How To Live Longer & Healthier | BlackDoctor

    5 Essentials To Living Longer & Healthier

    A happy woman smiling as she stands on her porch holding a mugMost of us would like to live to be 100 or older, provided we could maintain a highly functional body and mind. Of course, being functional is the important thing.

    Research has now shown that we can live to a ripe old age and live it in good health, provided we follow a few simple steps each day.

    Each of us can live strong, healthy, vibrant, energetic lives for a long time to come. The key? Actually, there are many of them. Read on, and you may never see your dinner plate, your friends, or your sneakers the same way again.

    1. Eat fewer calories, but more food.

    That’s no misprint. Slimming down can help prevent disease, and cutting way back on the amount you eat (a strategy called calorie restriction) may even slow the aging process. When nutrition researchers invited themselves over for dinner in kitchens across the globe — from Greece to Japan to the state of Pennsylvania — they discovered a tummy-satisfying secret to good health: Pile your plate high with vegetables and fruits, add respectable portions of beans and whole grains, and downplay high-calorie fare like cheeseburgers, cream sauces, and fatty meats.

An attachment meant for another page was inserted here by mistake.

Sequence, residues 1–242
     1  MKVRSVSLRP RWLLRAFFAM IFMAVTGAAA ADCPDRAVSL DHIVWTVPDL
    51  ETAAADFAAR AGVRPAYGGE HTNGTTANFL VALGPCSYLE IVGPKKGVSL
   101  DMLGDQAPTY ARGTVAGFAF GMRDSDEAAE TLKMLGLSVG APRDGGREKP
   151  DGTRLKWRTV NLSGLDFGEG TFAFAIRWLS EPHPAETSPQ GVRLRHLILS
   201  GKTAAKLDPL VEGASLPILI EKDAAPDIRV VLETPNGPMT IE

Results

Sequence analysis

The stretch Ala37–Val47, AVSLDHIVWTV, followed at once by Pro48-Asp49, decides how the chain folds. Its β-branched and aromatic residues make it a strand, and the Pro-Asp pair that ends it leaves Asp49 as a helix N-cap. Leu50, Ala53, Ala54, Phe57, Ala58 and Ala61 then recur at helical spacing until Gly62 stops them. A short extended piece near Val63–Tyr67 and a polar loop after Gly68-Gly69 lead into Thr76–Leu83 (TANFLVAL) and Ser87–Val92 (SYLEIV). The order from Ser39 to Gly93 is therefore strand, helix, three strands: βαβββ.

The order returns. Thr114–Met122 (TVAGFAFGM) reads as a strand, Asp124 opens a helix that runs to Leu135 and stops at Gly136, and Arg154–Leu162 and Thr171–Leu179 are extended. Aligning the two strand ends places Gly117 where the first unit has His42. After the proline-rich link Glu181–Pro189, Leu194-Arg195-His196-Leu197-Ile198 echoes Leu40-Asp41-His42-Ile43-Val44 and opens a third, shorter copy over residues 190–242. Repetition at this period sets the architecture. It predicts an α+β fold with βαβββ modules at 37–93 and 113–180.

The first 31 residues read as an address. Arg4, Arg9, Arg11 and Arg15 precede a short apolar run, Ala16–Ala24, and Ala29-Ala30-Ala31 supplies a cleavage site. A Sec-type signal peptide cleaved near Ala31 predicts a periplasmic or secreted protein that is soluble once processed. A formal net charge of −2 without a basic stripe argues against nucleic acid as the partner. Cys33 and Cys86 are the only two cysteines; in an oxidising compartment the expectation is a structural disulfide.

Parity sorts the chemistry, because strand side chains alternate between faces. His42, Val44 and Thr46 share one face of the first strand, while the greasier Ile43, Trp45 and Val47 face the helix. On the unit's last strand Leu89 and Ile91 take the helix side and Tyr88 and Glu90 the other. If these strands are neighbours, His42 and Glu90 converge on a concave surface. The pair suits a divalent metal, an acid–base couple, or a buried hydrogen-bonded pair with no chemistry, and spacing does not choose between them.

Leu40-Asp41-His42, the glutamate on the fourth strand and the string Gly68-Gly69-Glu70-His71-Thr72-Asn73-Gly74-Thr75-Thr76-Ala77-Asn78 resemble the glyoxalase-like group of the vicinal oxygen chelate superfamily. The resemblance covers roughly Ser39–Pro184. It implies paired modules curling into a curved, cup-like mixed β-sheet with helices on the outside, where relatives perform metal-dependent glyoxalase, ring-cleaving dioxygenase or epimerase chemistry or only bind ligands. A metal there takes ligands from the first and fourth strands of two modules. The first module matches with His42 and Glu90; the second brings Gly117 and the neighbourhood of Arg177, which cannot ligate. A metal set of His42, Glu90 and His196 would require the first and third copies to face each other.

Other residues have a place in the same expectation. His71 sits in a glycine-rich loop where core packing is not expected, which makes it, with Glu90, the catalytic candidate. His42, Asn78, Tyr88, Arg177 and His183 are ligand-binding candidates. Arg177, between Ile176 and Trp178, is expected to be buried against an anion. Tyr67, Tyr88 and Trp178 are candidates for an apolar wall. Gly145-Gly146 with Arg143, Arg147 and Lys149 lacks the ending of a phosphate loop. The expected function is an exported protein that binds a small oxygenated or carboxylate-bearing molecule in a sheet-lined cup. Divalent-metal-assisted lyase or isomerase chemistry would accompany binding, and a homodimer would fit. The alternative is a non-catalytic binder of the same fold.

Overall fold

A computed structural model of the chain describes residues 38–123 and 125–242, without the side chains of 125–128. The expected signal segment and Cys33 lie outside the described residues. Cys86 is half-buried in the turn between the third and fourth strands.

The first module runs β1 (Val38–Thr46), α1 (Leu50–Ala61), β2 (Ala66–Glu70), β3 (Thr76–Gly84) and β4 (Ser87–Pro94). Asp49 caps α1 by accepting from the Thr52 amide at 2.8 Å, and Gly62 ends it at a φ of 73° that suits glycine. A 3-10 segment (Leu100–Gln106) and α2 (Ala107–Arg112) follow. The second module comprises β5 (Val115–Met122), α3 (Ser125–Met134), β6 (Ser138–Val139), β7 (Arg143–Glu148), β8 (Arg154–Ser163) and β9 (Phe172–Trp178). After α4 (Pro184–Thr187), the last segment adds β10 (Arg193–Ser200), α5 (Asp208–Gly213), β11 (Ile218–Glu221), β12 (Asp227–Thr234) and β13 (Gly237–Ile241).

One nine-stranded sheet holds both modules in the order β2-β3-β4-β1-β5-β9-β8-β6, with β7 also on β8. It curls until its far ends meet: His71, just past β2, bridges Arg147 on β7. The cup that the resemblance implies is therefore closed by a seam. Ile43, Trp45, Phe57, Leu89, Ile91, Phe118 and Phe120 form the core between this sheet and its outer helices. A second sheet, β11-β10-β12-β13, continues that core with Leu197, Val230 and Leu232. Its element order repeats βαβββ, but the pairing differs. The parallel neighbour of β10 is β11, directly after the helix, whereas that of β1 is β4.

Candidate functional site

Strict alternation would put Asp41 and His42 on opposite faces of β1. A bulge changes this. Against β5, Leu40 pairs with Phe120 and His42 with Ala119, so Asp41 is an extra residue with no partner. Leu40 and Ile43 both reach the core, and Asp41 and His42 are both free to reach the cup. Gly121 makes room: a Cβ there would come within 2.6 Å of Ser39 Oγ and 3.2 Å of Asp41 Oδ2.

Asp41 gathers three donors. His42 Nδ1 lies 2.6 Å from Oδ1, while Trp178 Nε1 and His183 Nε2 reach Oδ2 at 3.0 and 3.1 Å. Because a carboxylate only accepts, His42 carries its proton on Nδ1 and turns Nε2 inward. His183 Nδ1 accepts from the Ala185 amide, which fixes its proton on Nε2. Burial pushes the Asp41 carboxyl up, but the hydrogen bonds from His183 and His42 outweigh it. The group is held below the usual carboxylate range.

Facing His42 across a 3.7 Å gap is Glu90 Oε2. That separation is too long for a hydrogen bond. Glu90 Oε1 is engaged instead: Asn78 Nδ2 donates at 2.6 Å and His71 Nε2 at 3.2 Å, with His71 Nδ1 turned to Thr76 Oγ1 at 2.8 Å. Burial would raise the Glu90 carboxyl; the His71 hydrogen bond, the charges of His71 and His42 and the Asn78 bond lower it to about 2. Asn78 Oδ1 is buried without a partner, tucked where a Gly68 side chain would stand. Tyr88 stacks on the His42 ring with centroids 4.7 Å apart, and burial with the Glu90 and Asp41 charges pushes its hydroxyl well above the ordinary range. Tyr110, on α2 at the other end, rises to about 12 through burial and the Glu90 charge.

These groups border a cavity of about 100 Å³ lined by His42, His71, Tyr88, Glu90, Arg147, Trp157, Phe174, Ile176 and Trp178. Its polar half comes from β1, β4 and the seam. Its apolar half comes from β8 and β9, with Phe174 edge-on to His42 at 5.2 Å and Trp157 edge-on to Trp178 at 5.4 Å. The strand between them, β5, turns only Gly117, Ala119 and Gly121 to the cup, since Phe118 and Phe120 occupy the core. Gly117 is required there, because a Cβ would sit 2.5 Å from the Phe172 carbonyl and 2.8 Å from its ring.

The result: Fewer calories, more health-boosting antioxidants, and longer, happier, more active and independent lives.

    2. Use exercise as an anti-aging vaccine.

    Exercise can help you attain a better quality of life as you age. It’s no secret that physical activity tones up muscles, burns calories, and puts a happy bounce in your step. But recently, researchers uncovered a new, bonus benefit: Exercise acts as a powerful vaccine against the aging process itself. When University of Florida exercise physiologists put healthy people ages 60 to 85 on weight-training programs for six months then tested them for signs of free-radical damage, they were surprised by the results. By the end of the study, low-intensity exercisers had a drop in free-radical damage, while high-intensity exercisers had a slight increase. And a control group of non-exercisers had a whopping 13 percent rise in free-radical damage.

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